Formaldehyde is also used to treat clothing specifically for clothing that are meant to be wrinkle-free. So if you have a dress shirt that you can throw in the dryer and it comes out crisp, like it's been ironed and it hasn't been ironed, that probably contains formaldehyde or it contains some sort of a formaldehyde-based resin that is going to make clothing look starchy, and it looks permanent press. It looks nice when it comes out because they treat the fabric in a certain way. So things that are super wrinkly when they comes out are probably formaldehyde-free. Things that are very nicely pressed when it comes out, probably full of formaldehyde. School uniforms, you know, like airline uniforms, military uniforms, definitely full of formaldehyde because they all just are made to look a certain way. So those are things that can certainly cause reactions as well.

Jennifer Fugo (21:56.367)

Wow. Oh my gosh, so many things to look out for. See, this is why bringing a doctor like you more information is probably helpful, because if you're wearing, like you said, cotton, silks and more natural fibers, that might help you rule certain things out. I did want to ask just very quickly about diet and nickel. We've obviously had Dr. Peter Lio comment about this a few years ago, but what's your take? I see these people online telling people you gotta remove nickel from your entire diet that's the cause of all like dyshidrotic hand eczema and all this other stuff. What's been your experience do you really need to go that far to avoid nickel-free foods which by the way is a pretty extensive elimination diet.

Dr. Jeff Yu (22:43.842)

Yeah. So, um, I definitely believe that systemic allergic contact dermatitis is real. What that means is that if you have contact dermatitis to something- nickel, chromium, cobalt, an allergen called balsamic Peru, which is a fragrance allergen- there are, there is a small subset of those people who are positive and allergic to these allergens that could also develop systemic reactions when those allergens are ingested. Now it might be counterintuitive to think “why is there nickel in my food?” I'm not eating anything that's hard and metallic, but nickel is one of the elements that's in our soil. So certain types of foods are very high in nickel. Things such as oatmeal, for example, is very high in nickel. Certain types of whole wheat breads, bran, things like that can be high in nickel. I always educate my patients when they're nickel allergic.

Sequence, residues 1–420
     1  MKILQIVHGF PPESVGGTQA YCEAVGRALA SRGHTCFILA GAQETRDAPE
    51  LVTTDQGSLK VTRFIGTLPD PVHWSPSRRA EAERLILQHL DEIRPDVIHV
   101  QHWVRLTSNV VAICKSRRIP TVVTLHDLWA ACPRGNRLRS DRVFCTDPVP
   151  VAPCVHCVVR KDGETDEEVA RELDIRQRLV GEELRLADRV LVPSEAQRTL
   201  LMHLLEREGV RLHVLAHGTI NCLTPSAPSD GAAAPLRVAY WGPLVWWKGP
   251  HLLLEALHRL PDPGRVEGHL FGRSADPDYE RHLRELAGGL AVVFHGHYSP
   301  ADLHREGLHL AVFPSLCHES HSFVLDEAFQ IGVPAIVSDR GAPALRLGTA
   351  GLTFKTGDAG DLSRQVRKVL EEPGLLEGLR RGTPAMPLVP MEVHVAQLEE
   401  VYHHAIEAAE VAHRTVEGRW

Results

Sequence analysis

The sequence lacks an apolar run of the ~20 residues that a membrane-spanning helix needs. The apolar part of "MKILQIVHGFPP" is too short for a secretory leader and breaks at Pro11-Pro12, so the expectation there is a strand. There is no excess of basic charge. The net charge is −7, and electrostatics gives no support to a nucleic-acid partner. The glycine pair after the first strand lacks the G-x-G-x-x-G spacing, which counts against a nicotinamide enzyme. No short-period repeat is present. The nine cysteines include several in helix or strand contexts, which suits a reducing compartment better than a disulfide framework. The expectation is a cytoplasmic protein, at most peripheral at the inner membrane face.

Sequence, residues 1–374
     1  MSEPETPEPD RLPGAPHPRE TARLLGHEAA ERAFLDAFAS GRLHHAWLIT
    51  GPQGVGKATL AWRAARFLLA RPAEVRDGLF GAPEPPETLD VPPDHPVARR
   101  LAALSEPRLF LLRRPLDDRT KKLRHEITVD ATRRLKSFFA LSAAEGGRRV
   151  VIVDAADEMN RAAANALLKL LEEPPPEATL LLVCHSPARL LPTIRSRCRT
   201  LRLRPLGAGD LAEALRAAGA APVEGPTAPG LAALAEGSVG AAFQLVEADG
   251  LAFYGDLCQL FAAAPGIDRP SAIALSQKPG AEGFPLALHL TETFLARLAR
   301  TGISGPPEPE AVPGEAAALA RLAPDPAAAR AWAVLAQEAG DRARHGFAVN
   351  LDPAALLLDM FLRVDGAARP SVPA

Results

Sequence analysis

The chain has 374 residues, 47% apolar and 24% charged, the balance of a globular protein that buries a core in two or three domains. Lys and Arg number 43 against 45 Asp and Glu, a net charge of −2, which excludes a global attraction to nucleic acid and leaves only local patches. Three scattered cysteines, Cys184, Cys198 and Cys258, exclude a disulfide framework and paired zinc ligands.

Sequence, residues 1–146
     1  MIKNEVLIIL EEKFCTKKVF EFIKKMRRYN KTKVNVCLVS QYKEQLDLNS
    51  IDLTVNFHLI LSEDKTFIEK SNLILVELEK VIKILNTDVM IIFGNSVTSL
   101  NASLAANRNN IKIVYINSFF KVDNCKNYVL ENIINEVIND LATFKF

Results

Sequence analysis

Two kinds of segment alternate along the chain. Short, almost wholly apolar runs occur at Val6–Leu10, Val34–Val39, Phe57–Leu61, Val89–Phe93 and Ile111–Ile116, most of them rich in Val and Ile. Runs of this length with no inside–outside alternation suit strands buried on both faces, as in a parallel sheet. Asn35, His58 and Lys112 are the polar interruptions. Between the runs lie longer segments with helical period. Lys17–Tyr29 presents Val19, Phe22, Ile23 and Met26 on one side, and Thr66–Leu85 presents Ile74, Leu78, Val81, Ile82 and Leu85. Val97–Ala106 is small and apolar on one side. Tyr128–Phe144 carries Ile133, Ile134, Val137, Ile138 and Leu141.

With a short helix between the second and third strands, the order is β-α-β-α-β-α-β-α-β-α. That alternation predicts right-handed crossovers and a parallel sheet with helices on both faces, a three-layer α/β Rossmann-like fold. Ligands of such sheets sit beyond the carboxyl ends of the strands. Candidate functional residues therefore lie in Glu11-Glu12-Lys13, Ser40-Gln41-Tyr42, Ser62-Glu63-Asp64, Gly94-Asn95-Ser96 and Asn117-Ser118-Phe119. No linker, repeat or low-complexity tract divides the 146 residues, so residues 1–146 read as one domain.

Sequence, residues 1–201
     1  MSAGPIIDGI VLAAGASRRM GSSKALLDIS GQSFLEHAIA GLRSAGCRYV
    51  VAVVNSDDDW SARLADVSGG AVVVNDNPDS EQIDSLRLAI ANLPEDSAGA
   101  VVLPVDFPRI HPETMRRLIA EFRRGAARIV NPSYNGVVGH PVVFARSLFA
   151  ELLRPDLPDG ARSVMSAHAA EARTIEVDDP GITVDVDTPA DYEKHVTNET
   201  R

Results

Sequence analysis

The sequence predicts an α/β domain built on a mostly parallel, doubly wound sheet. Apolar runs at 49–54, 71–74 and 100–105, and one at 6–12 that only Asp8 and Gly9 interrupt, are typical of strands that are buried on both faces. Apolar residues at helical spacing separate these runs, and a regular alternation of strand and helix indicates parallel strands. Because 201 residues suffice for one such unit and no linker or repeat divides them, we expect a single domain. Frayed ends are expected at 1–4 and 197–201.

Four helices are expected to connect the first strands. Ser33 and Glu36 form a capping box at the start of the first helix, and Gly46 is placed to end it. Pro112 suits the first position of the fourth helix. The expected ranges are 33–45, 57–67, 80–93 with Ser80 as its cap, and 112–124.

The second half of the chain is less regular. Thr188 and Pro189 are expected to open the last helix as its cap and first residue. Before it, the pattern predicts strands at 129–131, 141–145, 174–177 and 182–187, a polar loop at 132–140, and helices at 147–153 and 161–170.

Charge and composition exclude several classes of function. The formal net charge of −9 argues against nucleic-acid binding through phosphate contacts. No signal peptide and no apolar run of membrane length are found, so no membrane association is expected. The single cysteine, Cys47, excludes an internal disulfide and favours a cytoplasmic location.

Number one: Is the distribution of their rash likely to fit a systemic contact dermatitis to nickel? You mentioned dyshidrotic hand eczema. Absolutely, that's one of the reported types of potential allergic contact dermatitis reactions to nickel. People can develop a full-body eczema-like rash and those patients I do mention, maybe nickel could be doing it. But the subset of those patients is very, very small. So out of 100 patients, I would say somewhere between five to 10, probably benefit from nickel avoidance, so less than 10%, whereas 90% of them are more likely to be topical contact as opposed to systemic ingestion.

So, you know, sometimes I feel like I go for a few months without ever seeing anybody with some sort of an ingested allergen, but recently I had two people who actually had systemic cobalt dermatitis, which is kind of interesting. Cobalt can be found in foods like shellfish, for example, coffee, teas; things like that can be high in cobalt. Vitamin, so specifically vitamin B12 is very high in cobalt because vitamin B12 is also known as cobalamin and in the middle of it there's a cobalt molecule. So people who have high doses of vitamin B12 can actually get a rash due to the ingestion of cobalt if they have cobalt dermatitis.